The long-standing focus of our laboratory program involves the radiation and microenvironmental stress response. We are now focusing on "radiation inducible molecular targets" that is, exploring the use of fractionated radiation to induce a cellular phenotype that makes the cell susceptible for molecular targeted therapy. In essence, radiation would set up the tumor for enhanced drug killing. This project has now demonstrated that different dose sizes of radiation (10 Gy x1, 2 Gy x5 and 1 Gy x10) produce different phenotypes. We have demonstrated that the cells post-radiation are more drug sensitive for at least 1 drug and much more work is in progress but we are now working on combinations of drugs. This work fits into molecular targeted cancer treatment using both the "non-oncogene addiction targets" and "synthetic lethality" We have made significant progress in studying the inducible mRNA, miRNA and proteins. We have expanded to add a p53 proficient cell line. Five manuscripts are in now published (Radiation Research Journal) including an overview of the field in Molecular Cancer Therapeutics. Projects now in progress include studying metabolomic changes, in vivo SD and MF for PC3 cells, and exploring epigenetic changes. We are also identifying pathways to target and working on timing of radiation and drug(s). Indirectly related to this work are efforts being done in the Office of the Assistant Secretary for Preparedness and Response in Health and Human Services (HHS). I am heading a group developing civilian medical response planning for radiological and nuclear terrorism and other events. This involves planning, policy, and normal tissue injury-related science. Medical countermeasures are being developed through NIAID support in the Centers for Medical Countermeasures Against Radiation (CMCR). This overall program has major impact to U.S. preparedness and also has a spin-off for normal tissue injury from radiation and the potential for post-exposure mitigators and treatments. We are working with other agencies (NIAID and Dept of Defense) on the potential of bringing these mitigators into cancer care. The critical importance of the NCI- HHS linkage is bringing up-to-date scientficia thinking to medical countermeasure development and diagnosis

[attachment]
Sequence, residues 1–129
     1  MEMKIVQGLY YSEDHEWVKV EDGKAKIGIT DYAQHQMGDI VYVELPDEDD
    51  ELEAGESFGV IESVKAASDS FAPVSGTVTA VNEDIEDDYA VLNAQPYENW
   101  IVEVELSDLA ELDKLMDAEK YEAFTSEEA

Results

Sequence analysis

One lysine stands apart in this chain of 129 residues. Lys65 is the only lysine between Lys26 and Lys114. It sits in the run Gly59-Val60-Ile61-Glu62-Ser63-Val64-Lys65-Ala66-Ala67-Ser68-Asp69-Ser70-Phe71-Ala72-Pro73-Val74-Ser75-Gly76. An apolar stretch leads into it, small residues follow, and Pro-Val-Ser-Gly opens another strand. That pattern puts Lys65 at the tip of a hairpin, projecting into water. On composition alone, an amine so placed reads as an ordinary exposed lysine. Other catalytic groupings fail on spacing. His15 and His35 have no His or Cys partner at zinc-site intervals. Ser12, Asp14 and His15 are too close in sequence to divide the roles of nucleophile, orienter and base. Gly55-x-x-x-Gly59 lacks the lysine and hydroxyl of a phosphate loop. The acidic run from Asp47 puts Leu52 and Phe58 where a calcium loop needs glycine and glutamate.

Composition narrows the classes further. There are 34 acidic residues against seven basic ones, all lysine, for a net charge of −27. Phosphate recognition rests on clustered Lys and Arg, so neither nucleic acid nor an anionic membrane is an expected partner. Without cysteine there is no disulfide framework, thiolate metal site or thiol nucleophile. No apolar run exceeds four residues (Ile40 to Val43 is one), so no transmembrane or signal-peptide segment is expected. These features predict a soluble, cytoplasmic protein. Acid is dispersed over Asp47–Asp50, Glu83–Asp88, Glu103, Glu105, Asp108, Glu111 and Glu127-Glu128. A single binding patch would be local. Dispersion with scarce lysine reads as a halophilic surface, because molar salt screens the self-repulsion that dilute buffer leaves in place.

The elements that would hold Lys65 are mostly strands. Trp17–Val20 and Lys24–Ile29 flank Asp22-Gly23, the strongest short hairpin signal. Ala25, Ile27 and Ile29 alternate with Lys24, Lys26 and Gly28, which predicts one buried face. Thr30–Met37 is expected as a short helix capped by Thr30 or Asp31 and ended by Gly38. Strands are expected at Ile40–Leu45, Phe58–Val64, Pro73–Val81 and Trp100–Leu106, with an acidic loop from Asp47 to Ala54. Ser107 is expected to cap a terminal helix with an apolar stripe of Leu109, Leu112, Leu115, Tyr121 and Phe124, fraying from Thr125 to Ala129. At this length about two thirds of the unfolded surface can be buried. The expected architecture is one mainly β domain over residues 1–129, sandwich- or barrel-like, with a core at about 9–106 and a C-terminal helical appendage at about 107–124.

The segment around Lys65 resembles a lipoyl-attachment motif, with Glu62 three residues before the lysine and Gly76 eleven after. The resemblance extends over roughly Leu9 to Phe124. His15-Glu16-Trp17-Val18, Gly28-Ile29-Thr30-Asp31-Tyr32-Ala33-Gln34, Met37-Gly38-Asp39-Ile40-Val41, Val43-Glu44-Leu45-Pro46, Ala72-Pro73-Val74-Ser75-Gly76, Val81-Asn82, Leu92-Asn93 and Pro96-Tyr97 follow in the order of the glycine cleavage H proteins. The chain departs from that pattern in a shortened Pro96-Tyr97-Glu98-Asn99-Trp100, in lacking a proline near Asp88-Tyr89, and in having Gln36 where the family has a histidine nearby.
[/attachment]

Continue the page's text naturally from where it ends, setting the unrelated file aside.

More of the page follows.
National Institute of Health (NIH)
National Cancer Institute (NCI)
Investigator-Initiated Intramural Research Projects (ZIA)
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National Cancer Institute Division of Basic Sciences
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